President Biden called Romney soon after the senator’s video announcing his decision was released to the public. A Romney aide described the brief call as “friendly” and “respectful.”

Instead of involving himself in the presidential campaign, Romney said he will remain as active as he can be in the Senate through the end of next year. “I’m not going out on a farewell tour,” he said. “I’m not leaving the party, not retiring.” Even after he leaves the Senate, he said, “You cannot expect me to hit the beach. I’m going to be as productive as I possibly can be.”

Romney said that he sees three overriding challenges for the country and that they require presidential leadership. Senators can do only so much, he said, adding that because he doubts either Trump or Biden is prepared to take on some of these issues, “I don’t think the next seven and a half years in the Senate would be productive.”

One issue, he said, is the need for a comprehensive strategy to deal with the authoritarian leaders abroad, specifically Russian President Vladimir Putin and Chinese President Xi Jinping. A second is the lack of a strategy to deal with global climate change, “not just feel-good things here in the U.S.” The third is dealing with the nation’s fiscal issues — debts and deficits. “You’ve got both Biden and Trump saying we won’t touch entitlements,” he said. “I think, ‘How irresponsible is that!’”

Romney was born in Michigan, where his father was chief executive of American Motors Corp. before serving as governor. He settled in Boston, becoming wealthy through work in private equity as a co-founder of Bain Capital. He began his political career in 1994 in an unsuccessful effort to defeat then-Sen. Edward M. Kennedy (D-Mass.). After helping to rescue the 2002 Olympic Winter Games in Salt Lake City, he was elected as governor of Massachusetts in 2002.

Romney stepped down after one term to seek his party’s presidential nomination in 2008. That campaign ended in failure, but he won the nomination four years later, ultimately losing to then-President Barack Obama in a campaign that many around him believed he would win. He returned to the business world but got the itch to return to politics, briefly exploring a third presidential run in 2016 and seeking the Senate seat in his adoptive state of Utah in 2018. He said he had been told that as a former governor, he would be frustrated with life in the Senate. “The reality is my expectations were vastly exceeded, and perhaps I got spoiled,” he said.

Romney said he was proud of the work he has been able to do as a senator and pointed to a long list of items as evidence, including bipartisan work on a covid-19 relief bill when Trump and then-House Speaker Nancy Pelosi (D-Calif.) were far apart and on infrastructure during the Biden administration. He also cited provisions for religious liberty that were attached to a bill mandating federal recognition of same-sex marriages and the reworking of the Electoral Count Act.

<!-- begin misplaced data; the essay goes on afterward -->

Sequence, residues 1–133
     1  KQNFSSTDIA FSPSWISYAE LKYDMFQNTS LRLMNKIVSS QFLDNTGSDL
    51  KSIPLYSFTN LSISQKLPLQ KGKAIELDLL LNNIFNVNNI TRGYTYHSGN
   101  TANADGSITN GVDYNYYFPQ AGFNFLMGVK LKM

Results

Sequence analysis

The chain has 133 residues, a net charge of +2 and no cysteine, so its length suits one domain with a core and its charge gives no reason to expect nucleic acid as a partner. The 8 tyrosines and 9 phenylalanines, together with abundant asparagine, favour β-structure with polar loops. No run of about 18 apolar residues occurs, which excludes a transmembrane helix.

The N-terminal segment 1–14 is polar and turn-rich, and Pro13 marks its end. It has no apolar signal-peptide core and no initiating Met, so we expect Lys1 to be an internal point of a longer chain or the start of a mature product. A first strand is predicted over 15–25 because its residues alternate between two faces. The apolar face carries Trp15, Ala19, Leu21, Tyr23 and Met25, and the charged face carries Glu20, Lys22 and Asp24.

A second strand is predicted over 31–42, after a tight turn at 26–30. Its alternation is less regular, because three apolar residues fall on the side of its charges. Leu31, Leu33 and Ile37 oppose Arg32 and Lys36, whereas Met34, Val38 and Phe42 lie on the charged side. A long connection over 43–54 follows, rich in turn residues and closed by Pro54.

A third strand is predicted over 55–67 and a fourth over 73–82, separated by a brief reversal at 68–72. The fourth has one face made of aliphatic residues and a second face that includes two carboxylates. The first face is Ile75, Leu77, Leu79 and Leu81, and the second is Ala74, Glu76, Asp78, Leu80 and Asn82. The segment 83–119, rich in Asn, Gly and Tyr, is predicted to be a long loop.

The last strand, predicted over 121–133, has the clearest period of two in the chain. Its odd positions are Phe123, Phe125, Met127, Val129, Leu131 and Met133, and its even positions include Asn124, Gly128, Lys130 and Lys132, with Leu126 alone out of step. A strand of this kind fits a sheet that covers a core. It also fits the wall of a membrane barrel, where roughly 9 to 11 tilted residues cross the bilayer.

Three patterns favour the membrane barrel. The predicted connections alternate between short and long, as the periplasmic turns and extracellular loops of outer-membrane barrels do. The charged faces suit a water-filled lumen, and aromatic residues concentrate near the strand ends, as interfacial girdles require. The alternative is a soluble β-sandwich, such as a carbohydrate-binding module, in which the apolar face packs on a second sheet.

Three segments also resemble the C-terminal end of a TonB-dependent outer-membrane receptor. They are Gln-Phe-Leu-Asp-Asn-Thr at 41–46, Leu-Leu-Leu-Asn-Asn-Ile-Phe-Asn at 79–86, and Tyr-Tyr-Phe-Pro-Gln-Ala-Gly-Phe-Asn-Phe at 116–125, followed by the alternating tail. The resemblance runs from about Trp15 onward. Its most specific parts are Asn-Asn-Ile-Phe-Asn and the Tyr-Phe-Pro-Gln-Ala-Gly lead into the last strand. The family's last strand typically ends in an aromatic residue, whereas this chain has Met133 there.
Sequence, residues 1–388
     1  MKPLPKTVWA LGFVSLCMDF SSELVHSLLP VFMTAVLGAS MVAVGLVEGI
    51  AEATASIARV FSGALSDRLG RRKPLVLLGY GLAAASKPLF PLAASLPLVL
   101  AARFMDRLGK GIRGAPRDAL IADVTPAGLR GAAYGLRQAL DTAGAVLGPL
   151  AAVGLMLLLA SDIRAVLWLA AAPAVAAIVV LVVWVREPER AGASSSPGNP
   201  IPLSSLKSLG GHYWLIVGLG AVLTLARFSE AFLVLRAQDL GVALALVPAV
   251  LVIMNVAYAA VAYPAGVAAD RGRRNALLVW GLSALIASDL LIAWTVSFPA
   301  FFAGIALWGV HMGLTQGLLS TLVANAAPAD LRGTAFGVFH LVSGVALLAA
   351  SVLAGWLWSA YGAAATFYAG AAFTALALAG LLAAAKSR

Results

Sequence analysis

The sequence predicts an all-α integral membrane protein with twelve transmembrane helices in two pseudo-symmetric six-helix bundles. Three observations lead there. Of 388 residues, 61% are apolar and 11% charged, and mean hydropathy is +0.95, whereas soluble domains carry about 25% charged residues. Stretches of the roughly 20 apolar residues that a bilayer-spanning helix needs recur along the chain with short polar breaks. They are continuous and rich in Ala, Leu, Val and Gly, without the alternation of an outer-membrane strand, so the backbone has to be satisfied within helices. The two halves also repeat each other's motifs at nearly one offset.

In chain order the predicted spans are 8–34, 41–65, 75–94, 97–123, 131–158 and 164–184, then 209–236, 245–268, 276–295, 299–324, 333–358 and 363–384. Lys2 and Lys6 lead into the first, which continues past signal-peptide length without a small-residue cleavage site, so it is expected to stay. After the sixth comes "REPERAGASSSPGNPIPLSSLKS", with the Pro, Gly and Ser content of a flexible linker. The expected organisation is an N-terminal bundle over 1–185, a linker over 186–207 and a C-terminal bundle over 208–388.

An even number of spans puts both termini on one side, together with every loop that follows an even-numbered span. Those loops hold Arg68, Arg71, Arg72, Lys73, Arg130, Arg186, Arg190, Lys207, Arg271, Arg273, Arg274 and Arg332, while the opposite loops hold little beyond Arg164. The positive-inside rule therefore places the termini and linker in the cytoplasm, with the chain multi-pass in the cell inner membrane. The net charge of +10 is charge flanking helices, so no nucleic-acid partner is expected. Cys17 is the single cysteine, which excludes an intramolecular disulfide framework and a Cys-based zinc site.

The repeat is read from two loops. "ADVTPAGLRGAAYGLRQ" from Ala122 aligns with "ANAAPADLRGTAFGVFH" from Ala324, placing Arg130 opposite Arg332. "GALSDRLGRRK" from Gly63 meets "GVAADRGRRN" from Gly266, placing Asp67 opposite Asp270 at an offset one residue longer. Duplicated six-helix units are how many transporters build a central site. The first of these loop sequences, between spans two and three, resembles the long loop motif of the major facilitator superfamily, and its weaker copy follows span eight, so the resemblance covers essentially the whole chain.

Romney, a traditional conservative, acknowledged that the Republican Party of 2023 is quite different from the party that nominated him for president in 2012. He said his wing of the party is now “very, very small” in comparison with the Trump wing. But he declined to call the GOP irretrievably broken. “If it can change in the direction of a populist,” he said, “it can change back in the direction of my wing of the Republican Party.”

He said he has been asked by many people how he can continue to remain in the party. “Well,” he said, “because I want to get it back.” The party could realign again, he said, but only if Republicans learned to compete for and attract young voters, who today side heavily with Democrats. Romney himself struggled to win over young voters in his 2012 campaign. “Young people care about climate change,” he said. “They care about things that the MAGA Republicans don’t care about.”

In the 2024 presidential race, former vice president Mike Pence has appealed to traditional conservatism. Romney said that Pence has no chance to win but discounted Pence’s prospects as a true test of sentiment on traditional conservatism vs. Trumpian populism. “I don’t think he has … any delusions that he’s going to become the nominee,” he said. “I think he’s running for other reasons, one to repair his legacy. … What he’s saying is important to be said. … I’m glad he’s running and saying those things. I respect that.”

What leverage do those like Romney have in a party so dominated by Trump? “I think we have the leverage of being right,” he said, “and in the final analysis, right will prevail.”

Romney said he is alarmed by some of what he sees in the party concerning foreign policy. “I listen to some of the people in the Trump wing … talk about how we should be ready to, you know, to just push against China in the Taiwan Strait, and I ask, ‘Are you really willing to go to war with China’” while opposing sending more aid to Ukraine in their war against Russian aggression?

Romney was early in pinpointing Putin’s Russia as a major threat to U.S. security during his 2012 campaign, and gave credit to Trump for instituting a tougher approach to China. But in contrast to many in his party, he was not sharply critical of recent efforts by Biden administration officials to engage with China.

“Our posture relative to China has been significantly strengthened by Russia’s weakness in Ukraine and the support we’ve given Ukraine and also by strengthening of NATO,” he said. To dissuade China from its current course, requires the United States and other nations to stand together, he said, adding, “I have a lot of confidence in [Secretary of State] Tony Blinken. I believe he understands that and is endeavoring to do that.”

Romney said he remains worried about the state of democracy in the United States. “I think it’s of paramount importance to maintain our commitment to the Constitution and the liberal constitutional order,” he said. “And I know that there are some in MAGA world who would like Republican rule, or authoritarian rule by Donald Trump. But I think they may be forgetting that the majority of people in America would not be voting for Donald J. Trump. The majority would probably be voting for the Democrats.”

Among his parting thoughts at the end of the interview was an affirmation of his belief in the United States’ resilience. “I do believe that our institutions, while under constant barrage, are strong,” he said, “that our court system is strong and that, fundamentally, the American people stand by the Constitution and the constitutional norms.”